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FSA: ‘Don’t panic’ over recycled cartons

FSA: ‘Don’t panic’ over recycled cartons

FSA: ‘Don’t panic’ over recycled cartons

The Food Standards Agency’s chief scientist has warned people not to “panic” over concerns about food being contaminated by recycled cardboard packaging.


Andrew Wadge was responding to a Swiss study which found that mineral oils in recycled cardboard used in food packaging can leach into food.

A total of 119 samples of dry food from the German market were checked for migration of mineral oil. The researchers found about a quarter of the migrating mineral oil was from printing ink used to decorate boxes.

Writing on his blog, Wadge said “the evidence available so far doesn’t demonstrate that there is a food safety risk and the researchers in Switzerland were unable to carry out a risk assessment because the data were incomplete.”

He explained that animal experiments show there is some evidence that mineral oil mixtures may affect the liver, heart and immune system.

Wadge said that the World Health Organisation has set strict limits for some mineral oils which might be harmful over a period of time.

Speaking to Packaging News, Packaging Society vice chairman Kevin Vyse added: “Recycled board has been used by the cereal industry for most of its life. The fact that mineral oils have been found in the product in recent years is more as a result of trying to find cheap alternative recyclate.

“Newsprint is almost certainly going to carry with it residual ink and is the likely source of the issue. This is why the board industry must do, and will react to hard and qualified fact rather than one study on 119 boxes which represent a minuscule fraction of the total sold in Europe every day.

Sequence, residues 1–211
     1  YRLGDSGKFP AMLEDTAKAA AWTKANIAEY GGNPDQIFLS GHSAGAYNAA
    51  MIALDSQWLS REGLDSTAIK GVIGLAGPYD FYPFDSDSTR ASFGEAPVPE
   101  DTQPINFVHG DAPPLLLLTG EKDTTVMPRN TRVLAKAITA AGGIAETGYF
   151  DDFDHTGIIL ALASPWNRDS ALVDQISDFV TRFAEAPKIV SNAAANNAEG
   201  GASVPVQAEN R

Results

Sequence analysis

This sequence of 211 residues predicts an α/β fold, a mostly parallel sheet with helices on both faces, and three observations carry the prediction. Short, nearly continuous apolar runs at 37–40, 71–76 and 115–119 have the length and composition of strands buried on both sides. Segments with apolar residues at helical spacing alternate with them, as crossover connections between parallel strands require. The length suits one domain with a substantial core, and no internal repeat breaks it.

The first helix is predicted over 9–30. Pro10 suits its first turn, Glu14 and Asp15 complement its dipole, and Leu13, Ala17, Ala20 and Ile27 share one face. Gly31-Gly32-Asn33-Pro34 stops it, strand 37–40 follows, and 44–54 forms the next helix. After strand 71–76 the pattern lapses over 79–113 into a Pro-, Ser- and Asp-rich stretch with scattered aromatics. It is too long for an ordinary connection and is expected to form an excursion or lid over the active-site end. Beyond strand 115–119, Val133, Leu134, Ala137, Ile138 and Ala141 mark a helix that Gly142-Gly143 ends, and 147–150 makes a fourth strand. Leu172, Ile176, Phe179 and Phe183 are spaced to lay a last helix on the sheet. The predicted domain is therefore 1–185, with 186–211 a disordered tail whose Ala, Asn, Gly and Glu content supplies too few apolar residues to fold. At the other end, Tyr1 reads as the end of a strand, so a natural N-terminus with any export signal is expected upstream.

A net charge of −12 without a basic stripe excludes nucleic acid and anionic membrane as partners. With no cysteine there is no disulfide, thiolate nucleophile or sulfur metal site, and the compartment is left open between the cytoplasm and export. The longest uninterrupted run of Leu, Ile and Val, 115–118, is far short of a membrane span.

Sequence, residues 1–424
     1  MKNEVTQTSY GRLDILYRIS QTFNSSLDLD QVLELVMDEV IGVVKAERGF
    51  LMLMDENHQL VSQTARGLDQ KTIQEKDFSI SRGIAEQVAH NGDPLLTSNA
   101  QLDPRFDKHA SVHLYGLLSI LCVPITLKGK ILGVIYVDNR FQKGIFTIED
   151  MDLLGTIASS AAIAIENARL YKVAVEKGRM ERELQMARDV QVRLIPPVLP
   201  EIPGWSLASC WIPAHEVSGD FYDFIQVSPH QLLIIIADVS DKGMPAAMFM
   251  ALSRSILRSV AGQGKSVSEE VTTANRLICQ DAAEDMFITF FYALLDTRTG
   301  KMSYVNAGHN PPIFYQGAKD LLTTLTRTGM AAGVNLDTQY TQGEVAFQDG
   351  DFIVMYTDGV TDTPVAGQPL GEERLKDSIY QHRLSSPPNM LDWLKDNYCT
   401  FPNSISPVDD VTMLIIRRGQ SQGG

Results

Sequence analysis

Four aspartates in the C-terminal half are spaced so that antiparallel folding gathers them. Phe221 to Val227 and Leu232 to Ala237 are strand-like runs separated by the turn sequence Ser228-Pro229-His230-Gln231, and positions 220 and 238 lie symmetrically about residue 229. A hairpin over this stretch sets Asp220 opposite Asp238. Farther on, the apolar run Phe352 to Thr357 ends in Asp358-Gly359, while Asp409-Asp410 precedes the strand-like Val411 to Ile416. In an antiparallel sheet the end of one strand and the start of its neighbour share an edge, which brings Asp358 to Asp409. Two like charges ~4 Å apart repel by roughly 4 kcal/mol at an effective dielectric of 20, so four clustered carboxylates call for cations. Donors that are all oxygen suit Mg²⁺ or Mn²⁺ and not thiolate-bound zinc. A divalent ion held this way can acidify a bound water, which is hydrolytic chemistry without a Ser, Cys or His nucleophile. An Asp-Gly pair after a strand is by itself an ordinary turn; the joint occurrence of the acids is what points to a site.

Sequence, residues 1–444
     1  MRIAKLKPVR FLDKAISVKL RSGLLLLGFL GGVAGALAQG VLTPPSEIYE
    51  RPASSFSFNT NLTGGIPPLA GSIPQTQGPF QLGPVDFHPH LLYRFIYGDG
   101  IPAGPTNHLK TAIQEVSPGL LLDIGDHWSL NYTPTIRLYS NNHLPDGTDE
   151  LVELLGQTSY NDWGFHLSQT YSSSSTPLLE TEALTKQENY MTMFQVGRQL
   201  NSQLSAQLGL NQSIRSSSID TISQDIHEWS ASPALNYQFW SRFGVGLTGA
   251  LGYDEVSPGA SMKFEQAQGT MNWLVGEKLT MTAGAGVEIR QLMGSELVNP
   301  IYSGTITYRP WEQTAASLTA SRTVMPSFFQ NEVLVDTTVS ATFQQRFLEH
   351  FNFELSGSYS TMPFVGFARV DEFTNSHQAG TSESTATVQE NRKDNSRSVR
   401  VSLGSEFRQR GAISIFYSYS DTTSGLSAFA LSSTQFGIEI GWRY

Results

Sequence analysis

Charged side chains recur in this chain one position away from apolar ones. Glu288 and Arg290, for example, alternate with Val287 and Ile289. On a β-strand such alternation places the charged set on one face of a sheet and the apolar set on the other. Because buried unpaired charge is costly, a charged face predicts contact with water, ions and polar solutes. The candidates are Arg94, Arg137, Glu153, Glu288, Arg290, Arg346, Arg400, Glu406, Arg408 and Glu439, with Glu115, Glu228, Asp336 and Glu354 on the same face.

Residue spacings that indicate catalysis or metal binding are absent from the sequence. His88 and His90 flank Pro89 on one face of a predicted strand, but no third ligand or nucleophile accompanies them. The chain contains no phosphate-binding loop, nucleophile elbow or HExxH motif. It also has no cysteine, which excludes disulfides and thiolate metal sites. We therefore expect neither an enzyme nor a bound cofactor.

“Obviously, no contaminant is a good thing but we should be wary of headline stories, especially when the story can be turned to the cause of competitor bashing!”

The FSA is “taking this issue very seriously,” explained Wadge and are “busy gathering more data, which give us a better view of whether any further action needs to be taken to protect consumers. Results from this work will be available in the summer”.

The FSA is also checking the manufacturing processes “successfully remove substances” from recycled packaging that present a food safety problems.

Jordans, the cereal company, has scrapped its recycled packaging in favour of sustainable ‘virgin’ cardboard because of contamination concerns. Kellogg’s and Weetabix said they were taking steps to reduce the amount of mineral oil in their packaging.

However, Wadge said: “As always, any new information will be published on our website  [FSA] as it becomes available, but the bottom line is there really is no reason to panic about your morning muesli, and I won’t be changing my daily porridge eating habit.”

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